When a powerful earthquake hit the villagers of Morocco’s High Atlas Mountains on Friday, they were confronted with a situation they had never known before.
They dug desperately through the rubble to rescue loved ones or find their bodies so they could bury them, while rescue crews were held up by mountain roads choked by rocks that fell during the magnitude 6.8 earthquake.
Heavy machinery was deployed to clear the roads, and rescue teams worked to open access points to the mountain. But it took time – time the villagers didn’t have.
The villagers, accustomed to the mountainous terrain, found a foolproof method to move themselves and their materials: their donkeys.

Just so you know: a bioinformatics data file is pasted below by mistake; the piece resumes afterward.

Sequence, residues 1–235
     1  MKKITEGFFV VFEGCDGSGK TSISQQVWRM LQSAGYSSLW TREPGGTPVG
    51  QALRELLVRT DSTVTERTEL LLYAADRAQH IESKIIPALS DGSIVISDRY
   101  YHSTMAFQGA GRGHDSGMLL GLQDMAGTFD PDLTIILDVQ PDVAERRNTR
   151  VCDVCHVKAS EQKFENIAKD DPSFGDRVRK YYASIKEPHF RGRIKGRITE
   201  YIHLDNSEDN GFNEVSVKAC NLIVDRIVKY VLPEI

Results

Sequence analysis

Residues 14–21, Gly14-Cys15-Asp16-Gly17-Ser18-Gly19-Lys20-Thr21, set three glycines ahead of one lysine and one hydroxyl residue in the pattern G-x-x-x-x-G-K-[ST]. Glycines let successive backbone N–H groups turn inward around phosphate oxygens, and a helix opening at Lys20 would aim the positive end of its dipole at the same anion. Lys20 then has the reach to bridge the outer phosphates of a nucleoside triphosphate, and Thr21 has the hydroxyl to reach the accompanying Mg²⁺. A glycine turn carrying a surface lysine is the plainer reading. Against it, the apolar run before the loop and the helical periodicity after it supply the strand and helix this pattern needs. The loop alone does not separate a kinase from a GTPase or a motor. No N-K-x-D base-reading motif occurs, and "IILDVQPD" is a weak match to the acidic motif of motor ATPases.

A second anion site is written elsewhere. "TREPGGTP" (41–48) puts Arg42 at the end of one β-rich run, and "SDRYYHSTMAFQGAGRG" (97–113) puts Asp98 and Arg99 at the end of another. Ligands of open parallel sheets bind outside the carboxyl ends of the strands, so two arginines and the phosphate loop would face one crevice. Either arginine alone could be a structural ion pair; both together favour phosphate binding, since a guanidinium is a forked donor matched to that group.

Photos have emerged of villagers using donkeys to clear rubble, deliver relief supplies to harder-to-reach areas and get people to where they need to go.
The agile creatures have been able to weave their way along barely visible tracks, laden with bulging saddlebags and sometimes even dragging a person on their backs.
Families who had lost their homes made shelters wherever they could and made sure to erect poles to which they could tie their donkeys. They also ensured that they could feed and continue to care for the donkeys, which under these conditions have become much more than simple pack animals.